A sound as shocking as the performance.
Have you ever sat and wondered what a hypercar without a transmission sounds like on its way from 0 to 186 mph? Well, to answer your question, the team at AutoTopNL tested the Koenigsegg Regera on the Koenigsegg airstrip next to the factory where all Koenigsegg hypercars are made. The resting performance and soundtrack is something you’ve never experienced before.
The Koenigsegg Regera is the Swedish hypercar manufacturer's interpretation of the perfect GT car offering customers a more comfortable and plush experience when compared to other more hardcore models in the lineup. This doesn’t mean however that performance is lacking. The Regera is limited to a top speed of 255 mph and can sprint from 0 to 60 mph in only 2.8 seconds and 0 to 124 mph in 6.6 seconds.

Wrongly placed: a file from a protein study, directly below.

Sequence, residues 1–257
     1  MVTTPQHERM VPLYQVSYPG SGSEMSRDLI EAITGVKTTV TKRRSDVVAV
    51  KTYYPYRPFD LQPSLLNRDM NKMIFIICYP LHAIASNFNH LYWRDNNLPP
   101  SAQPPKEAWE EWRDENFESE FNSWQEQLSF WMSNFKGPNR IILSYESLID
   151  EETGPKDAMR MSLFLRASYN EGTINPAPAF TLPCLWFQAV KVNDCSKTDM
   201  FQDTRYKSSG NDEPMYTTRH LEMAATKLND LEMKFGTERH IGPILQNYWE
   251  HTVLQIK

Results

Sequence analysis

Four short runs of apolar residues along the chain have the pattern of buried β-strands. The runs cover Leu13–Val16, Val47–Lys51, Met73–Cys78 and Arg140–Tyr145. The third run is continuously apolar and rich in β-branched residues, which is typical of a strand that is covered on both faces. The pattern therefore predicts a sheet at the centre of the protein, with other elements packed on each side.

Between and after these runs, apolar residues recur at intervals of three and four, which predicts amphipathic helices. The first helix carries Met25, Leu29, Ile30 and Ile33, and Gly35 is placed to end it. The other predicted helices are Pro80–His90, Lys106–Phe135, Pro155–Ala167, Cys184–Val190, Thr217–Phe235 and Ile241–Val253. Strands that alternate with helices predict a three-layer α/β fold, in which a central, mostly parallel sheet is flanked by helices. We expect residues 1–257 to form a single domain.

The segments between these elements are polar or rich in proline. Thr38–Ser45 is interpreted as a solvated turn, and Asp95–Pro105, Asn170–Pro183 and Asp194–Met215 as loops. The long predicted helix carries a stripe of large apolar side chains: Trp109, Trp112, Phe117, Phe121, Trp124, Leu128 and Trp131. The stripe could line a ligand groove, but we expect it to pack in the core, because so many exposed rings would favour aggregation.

More Koenigsegg News:
- Koenigsegg Jesko And Porsche 935 Featured In Project Cars 3 Trailer
- Koenigsegg Is Making Short Films Now, First Video Features Regera
- Koenigsegg Allegedly Planning Le Mans-Inspired Track Car
- Koenigsegg Jesko Takes An Evening Drive During Final Stages of Tuning
All of this impressive performance is thanks to a clever drivetrain that combines Koenigsegg’s familiar twin-turbo 5.0-litre V8 engine, which produces 1100 bhp (820 kW) and 944 lb-ft (1,280 Nm) of torque, with a trio of electric motors that are good for a combined output of 697 bhp (520 kW). The total power rating for the Regera is a mind-numbing 1797 bhp (1,340 kW) which is enough to embarrass almost any vehicle on this planet and in most other galaxies.
The Regera gets even more interesting when you learn it doesn’t even have a transmission. Instead, there is a single reduction gear used by the engine and crankshaft-mounted electric motored to power the rear wheels. The two remaining electric motors are mounted to each rear-wheel and prove additional power and torque vectoring. The electric motors provide power at lower speeds and once above 30 mph the internal combustion engine enters the fray and adds power for a symphony of force. The result is a car that may not have the familiar supercar soundtrack but instead provide otherworldly performance.